The British Bankers’ Association may lose its control over the  setting of the benchmark interest rate, known as the LIBOR (London interbank offered rate), which underpins more than $360 trillion of financial instruments worldwide.

BBA and libor

The announcement of the same could come as early as Friday, according to a person with direct knowledge of the matter. The announcement might come at a time of review of the LIBOR by Martin Wheatley, managing director of the Financial Services Authority, the British regulator.

The benchmark interest rate has been under attack recently, following the rate rigging scandal involving various big names. The British government has since been asking for changes to the LIBOR.

Following the scandal Barclays PLC (LON:BARC) (NYSE:BCS) chief executive, Robert Diamond Jr., and its chairman, Marcus Agius, resigned, and the company agreed to pay $450 million in June to settle charges that some of its traders manipulated the rate for financial gains, and also some of its traders may still face criminal prosecution. Apart from Barclays PLC (LON:BARC) (NYSE:BCS), several other banks including UBS AG (NYSE:UBS) and Citigroup Inc. (NYSE:C) are also under investigation for their alleged involvement in the manipulation of the benchmark rate.

The British Bankers’ Association was the one which established LIBOR in 1986, and since then has been setting the same. Following the scandal, regulators have persistently raised questions on the association’s role in the scandal. In documents released by the Bank of England in July, authorities called on the group to change the Libor rate-setting process. Currently the setting process involves a daily poll of a number of banks about the interest rate they would pay to borrow money from the capital markets.

According to the central bank documents, Angela Knight, British Bankers’ Association’s chief executive at the time had asked the regulators to get closely involved in the rate-setting process, but authorities paid little attention to that. But, after ripping the banker’s group from the rate setting process, the authorities will now get more directly involved.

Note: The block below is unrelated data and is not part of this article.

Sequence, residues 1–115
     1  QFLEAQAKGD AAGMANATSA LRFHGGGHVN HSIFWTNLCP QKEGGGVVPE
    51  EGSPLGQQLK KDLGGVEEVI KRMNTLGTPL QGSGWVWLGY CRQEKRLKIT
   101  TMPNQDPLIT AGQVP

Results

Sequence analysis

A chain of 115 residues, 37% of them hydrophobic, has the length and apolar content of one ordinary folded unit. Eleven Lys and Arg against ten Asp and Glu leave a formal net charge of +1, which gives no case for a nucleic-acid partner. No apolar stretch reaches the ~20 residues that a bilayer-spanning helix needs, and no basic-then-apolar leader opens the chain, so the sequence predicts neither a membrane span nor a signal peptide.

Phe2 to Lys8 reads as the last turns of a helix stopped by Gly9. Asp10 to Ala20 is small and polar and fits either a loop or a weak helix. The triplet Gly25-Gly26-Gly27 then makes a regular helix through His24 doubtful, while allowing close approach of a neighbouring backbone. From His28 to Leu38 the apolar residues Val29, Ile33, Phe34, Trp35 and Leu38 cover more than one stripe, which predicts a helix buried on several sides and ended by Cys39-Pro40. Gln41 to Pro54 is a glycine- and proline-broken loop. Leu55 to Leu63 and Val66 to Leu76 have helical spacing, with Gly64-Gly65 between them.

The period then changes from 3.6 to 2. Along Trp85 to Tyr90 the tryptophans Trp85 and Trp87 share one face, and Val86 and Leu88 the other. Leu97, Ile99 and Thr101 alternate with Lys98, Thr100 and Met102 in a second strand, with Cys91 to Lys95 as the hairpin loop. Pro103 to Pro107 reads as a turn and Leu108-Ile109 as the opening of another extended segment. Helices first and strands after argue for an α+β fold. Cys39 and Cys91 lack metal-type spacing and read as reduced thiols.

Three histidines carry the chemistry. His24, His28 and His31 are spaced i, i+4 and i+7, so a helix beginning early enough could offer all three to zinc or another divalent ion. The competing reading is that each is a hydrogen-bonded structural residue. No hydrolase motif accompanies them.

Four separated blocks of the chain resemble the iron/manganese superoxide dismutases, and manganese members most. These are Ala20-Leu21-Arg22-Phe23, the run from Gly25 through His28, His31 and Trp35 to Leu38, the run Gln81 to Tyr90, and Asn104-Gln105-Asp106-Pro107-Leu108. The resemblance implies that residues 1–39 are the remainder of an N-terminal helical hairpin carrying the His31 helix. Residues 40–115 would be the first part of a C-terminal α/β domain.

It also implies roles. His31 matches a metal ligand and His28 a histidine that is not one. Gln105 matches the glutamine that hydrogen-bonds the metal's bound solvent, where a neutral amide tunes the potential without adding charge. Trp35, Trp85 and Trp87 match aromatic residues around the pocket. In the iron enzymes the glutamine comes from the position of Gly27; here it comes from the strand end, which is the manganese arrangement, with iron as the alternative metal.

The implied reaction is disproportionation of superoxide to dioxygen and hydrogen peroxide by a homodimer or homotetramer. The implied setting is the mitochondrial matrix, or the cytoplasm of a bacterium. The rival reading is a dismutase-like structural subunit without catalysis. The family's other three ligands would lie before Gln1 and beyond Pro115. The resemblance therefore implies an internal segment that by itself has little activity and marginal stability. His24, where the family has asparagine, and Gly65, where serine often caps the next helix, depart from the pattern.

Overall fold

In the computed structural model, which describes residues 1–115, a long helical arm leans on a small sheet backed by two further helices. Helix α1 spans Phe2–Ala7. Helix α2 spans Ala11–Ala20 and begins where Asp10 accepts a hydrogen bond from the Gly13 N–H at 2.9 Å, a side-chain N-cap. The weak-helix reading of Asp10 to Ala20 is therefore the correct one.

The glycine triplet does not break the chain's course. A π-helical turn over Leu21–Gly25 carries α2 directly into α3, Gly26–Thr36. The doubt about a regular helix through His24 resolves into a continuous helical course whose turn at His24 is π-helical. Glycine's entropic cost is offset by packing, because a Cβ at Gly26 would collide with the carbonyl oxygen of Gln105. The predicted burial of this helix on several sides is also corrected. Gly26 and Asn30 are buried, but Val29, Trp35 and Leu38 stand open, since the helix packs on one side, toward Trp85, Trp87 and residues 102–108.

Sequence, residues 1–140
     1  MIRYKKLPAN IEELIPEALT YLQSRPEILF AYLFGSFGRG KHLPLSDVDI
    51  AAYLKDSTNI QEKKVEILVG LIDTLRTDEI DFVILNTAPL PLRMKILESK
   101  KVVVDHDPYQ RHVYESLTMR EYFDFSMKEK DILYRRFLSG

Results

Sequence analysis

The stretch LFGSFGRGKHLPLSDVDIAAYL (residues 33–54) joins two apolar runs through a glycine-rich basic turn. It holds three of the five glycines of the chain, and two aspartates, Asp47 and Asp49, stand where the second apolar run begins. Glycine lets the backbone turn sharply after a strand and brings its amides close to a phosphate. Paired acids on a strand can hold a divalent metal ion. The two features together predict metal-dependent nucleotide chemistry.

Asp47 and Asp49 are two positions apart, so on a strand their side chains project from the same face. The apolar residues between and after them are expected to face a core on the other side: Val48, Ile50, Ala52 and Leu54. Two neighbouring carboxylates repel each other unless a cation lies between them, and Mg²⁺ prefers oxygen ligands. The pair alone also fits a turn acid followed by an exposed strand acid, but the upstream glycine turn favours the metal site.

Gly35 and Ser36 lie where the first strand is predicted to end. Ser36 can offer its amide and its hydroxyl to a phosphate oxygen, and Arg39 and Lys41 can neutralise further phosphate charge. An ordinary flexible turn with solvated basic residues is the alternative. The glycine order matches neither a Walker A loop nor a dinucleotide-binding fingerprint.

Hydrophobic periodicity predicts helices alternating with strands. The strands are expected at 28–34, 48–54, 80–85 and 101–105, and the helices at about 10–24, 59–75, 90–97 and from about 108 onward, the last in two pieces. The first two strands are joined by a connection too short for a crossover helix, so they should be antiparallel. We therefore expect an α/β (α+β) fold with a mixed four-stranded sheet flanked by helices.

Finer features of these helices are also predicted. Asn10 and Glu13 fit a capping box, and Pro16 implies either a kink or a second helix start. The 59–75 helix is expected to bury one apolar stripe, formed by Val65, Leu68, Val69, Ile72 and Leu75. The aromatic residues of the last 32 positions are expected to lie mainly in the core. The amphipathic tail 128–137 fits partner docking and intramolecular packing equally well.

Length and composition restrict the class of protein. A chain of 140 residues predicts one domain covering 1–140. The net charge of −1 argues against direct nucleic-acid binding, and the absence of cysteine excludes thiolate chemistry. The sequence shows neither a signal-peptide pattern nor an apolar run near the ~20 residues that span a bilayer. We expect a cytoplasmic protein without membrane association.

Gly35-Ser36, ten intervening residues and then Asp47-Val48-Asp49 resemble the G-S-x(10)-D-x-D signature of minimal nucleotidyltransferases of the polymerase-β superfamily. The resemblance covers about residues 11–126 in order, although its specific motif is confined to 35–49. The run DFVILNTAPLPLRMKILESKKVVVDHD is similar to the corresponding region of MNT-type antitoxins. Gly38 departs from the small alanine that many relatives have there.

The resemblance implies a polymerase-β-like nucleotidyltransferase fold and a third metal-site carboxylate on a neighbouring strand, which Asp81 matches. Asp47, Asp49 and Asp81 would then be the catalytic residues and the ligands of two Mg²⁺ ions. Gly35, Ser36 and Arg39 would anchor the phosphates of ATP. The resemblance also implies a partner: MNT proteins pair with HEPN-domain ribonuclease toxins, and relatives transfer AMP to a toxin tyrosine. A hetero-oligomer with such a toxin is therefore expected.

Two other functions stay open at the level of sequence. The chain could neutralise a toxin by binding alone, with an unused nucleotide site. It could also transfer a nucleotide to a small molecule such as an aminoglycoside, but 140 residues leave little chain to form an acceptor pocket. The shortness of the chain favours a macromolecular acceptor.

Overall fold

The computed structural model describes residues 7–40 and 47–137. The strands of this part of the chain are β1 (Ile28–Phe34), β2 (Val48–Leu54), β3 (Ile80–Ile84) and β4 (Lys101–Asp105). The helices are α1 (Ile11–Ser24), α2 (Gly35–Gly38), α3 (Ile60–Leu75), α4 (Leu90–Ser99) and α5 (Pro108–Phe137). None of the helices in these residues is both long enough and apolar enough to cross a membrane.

Just a day before, Gary Gensler, chairman of the Commodity Futures Trading Commission in the United States, remarked while addressing the European Parliament via video from Washington, “It is time for a new or revised benchmark – a healthy benchmark anchored in actual, observable market transactions – to restore the confidence of people around the globe, that the rates at which they borrow and lend money and hedge interest rates are set honestly and transparently.”

British Bankers’ Association promised to co-operate with British authorities about potential changes to the rate, according to a statement from the association: “If Mr Wheatley’s recommendations include a change of responsibility for Libor, the B.B.A. will support that.” However, the spokesman for the British Bankers’ Association declined to comment on whether the organization would lose control of setting Libor.